Civil and criminal cases are delicate, and litigators in New York build them by filing a subpoena for pieces of evidence and statements.
There three kinds of subpoena issued by NYC courts:
- Ad testificandum, which calls a witness to the court hearing (subpoena to testify)
- Information subpoena, which is a legal request for information
- Duces tecum, which requires specified documents and writings be brought to court (subpoena for records)
Of these three…
The Nature of Subpoena Duces Tecum
A subpoena duces tecum is a type of court order that requires a witness to produce and bring specific physical evidence. This is often used in conjunction with a subpoena ad testificandum: both compels a witness to bring documents that could help support his or her testimony. You can file for subpoenas to testify and for records for a civil litigation in New York when a deposition has been scheduled.
The documents requested must be relevant to the case, something that will be determined by the attorneys and judges involved. Should the other party make a compelling argument that a document is irrelevant to the outcome of the case, then the subpoena may be denied.
What Documents Can You Request?
Each case is unique, and there’s no telling what kind of document or data could be critical. But there are types of documents that are so commonly asked for that they’ve become routine.
These commonly requested materials include the following:
- The case notes
- Copies of any report that the expert has written
- Copies of any report the expert prepared or that was prepared by their direction
- Any form of communication the expert had with anyone about the case, such as emails, notes, or summarized phone call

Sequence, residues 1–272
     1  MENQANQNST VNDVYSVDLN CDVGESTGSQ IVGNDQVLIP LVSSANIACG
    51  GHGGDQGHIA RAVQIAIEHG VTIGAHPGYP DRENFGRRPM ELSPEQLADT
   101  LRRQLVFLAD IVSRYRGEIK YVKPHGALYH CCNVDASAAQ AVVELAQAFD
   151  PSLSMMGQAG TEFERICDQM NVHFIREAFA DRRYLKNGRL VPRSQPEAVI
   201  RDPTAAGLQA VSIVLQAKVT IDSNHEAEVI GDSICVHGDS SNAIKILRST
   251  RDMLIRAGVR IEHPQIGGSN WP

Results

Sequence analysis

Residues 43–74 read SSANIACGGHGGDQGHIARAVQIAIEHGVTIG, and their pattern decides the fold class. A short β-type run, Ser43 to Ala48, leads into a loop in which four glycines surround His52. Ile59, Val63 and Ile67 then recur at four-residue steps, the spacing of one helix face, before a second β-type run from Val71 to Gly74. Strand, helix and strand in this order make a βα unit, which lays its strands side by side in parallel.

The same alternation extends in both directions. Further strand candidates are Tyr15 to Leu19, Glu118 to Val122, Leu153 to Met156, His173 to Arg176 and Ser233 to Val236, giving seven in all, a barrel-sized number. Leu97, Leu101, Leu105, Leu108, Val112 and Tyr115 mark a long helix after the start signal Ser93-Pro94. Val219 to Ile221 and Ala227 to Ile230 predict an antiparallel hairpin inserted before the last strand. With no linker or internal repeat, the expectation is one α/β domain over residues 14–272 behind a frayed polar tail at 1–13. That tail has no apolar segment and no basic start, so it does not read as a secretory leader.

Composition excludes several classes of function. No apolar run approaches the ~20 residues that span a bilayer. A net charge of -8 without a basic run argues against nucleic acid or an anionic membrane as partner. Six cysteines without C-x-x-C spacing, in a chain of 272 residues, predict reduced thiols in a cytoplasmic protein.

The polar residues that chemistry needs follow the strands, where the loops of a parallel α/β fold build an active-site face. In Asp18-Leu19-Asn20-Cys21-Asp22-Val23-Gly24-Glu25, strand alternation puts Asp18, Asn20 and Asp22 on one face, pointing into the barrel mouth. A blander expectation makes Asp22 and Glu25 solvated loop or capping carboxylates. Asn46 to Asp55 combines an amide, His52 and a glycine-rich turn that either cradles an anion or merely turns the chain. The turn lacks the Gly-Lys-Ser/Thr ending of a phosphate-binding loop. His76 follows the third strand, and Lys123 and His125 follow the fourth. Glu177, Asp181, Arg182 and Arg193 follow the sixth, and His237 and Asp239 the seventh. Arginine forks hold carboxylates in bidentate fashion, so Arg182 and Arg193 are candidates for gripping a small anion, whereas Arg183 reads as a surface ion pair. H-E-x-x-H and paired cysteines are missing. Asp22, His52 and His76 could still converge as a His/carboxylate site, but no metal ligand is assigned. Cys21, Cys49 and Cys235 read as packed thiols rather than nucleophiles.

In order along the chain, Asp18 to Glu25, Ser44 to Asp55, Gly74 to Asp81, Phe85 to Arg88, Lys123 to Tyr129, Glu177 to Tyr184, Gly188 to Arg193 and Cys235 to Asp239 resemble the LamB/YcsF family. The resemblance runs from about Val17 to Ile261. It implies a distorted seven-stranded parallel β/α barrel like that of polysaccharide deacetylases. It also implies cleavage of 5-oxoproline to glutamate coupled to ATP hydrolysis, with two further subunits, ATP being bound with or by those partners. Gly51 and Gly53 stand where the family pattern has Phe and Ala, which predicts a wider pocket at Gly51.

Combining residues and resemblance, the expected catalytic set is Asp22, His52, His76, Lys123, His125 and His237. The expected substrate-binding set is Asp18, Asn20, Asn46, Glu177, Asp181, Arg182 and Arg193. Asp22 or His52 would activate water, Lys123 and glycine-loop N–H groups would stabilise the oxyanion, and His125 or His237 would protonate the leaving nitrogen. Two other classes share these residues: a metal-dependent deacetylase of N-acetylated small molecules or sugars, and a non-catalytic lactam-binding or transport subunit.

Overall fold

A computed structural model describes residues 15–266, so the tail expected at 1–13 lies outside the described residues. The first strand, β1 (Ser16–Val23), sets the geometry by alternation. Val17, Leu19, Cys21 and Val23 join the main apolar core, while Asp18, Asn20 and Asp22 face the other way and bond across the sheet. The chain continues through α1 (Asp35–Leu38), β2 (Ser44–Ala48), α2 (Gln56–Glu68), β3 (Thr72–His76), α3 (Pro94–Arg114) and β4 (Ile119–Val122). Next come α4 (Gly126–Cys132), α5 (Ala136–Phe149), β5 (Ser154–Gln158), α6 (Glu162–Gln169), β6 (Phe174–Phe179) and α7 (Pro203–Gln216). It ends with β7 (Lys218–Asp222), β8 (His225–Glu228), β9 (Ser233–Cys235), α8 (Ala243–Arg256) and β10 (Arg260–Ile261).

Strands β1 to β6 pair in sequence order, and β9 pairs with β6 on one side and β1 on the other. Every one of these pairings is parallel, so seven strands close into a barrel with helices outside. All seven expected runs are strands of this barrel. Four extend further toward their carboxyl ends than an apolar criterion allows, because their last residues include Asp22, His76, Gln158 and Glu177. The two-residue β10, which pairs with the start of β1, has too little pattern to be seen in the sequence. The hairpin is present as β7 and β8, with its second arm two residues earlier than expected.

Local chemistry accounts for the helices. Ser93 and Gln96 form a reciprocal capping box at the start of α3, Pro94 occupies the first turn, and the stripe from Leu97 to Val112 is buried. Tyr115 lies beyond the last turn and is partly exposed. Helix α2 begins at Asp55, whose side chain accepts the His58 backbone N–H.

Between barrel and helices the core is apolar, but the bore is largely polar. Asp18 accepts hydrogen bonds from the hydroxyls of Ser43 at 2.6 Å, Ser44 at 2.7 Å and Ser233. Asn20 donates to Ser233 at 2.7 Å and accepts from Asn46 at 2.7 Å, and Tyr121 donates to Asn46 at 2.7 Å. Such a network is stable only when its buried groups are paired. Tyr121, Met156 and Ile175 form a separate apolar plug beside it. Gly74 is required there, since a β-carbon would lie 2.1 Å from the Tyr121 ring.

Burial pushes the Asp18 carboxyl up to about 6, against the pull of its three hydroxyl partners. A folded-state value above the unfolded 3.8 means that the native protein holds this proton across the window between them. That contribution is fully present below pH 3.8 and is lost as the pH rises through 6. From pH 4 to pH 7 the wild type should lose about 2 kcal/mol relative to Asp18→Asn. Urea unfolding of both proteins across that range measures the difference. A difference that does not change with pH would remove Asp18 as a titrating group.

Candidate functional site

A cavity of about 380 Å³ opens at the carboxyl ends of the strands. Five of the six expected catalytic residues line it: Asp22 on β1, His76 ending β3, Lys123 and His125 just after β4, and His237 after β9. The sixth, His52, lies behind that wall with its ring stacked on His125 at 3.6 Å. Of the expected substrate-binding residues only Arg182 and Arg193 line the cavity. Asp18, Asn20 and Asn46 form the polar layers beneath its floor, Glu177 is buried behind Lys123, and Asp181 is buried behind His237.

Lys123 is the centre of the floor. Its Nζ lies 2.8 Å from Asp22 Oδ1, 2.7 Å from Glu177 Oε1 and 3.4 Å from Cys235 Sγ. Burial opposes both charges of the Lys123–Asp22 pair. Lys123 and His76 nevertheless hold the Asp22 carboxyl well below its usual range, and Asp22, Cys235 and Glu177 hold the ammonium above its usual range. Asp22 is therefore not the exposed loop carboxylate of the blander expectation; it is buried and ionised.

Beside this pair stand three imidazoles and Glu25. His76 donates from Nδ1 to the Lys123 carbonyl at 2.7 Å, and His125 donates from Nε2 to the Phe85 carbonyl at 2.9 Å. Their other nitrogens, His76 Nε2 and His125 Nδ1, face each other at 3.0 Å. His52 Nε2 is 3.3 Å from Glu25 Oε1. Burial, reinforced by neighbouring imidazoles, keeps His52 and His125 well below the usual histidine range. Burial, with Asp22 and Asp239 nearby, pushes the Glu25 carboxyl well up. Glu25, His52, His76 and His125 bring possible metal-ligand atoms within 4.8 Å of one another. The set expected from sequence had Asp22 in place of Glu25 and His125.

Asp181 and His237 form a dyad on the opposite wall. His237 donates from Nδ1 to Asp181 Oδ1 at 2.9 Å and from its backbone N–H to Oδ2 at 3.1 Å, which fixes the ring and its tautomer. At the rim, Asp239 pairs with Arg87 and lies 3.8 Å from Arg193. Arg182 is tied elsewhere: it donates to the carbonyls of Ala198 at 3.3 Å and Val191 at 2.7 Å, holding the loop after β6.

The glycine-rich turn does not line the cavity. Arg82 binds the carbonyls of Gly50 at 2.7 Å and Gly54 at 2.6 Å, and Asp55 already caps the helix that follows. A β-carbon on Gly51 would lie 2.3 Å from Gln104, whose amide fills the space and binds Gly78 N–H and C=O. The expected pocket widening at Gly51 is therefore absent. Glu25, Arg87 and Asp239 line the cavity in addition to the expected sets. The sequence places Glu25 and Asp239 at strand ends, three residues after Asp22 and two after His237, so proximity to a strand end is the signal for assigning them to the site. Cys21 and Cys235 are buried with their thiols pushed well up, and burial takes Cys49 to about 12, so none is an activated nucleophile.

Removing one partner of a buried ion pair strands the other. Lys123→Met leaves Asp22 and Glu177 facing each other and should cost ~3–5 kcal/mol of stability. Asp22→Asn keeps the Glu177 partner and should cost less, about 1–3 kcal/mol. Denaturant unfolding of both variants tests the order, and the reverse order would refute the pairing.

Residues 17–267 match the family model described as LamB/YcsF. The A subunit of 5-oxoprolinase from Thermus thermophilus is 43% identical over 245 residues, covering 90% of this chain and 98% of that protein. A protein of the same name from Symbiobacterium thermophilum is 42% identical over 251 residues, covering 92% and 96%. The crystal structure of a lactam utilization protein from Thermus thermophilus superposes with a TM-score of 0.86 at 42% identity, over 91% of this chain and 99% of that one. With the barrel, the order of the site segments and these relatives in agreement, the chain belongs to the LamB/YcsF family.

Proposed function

- The retainer or contract for the expert
- Scientific articles that were used to make conclusions regarding the case
- Scientific texts, professional publications, or technical articles that relate to the expert’s testimony or were used in forming their opinion
- Copies of anything published by the expert
- The expert’s complete files on the case
- Any document or data that the expert used to draw their conclusions, even data and information shared by the party’s attorney, if these were used to form their conclusions
- Copies of the expert’s curriculum vitae or any license and membership
However, some forms of data are protected even from a subpoena duces tecum. There are ways it can be denied or circumvented.
What Kind of Data is Protected?
Privileged information, such as those between doctors and their patients, is deemed protected data. Another way a document or information can be considered beyond the scope of a subpoena duces tecum is if it’s unreasonably inaccessible or costly to do so. Certain types of electronically stored information could be very difficult to access and cause undue burden, which an attorney may argue to circumvent the subpoena.
Every piece of information is a much-needed tool to achieve success in every case. With the documents provided by a subpoena duces tecum, you can make a stronger case in a New York court.
A Substitute Subpoena
Filing a subpoena for records is ideal if your witnesses are reluctant to be on the stand. The witness can supply the physical
Timely Legal Support Services in New York
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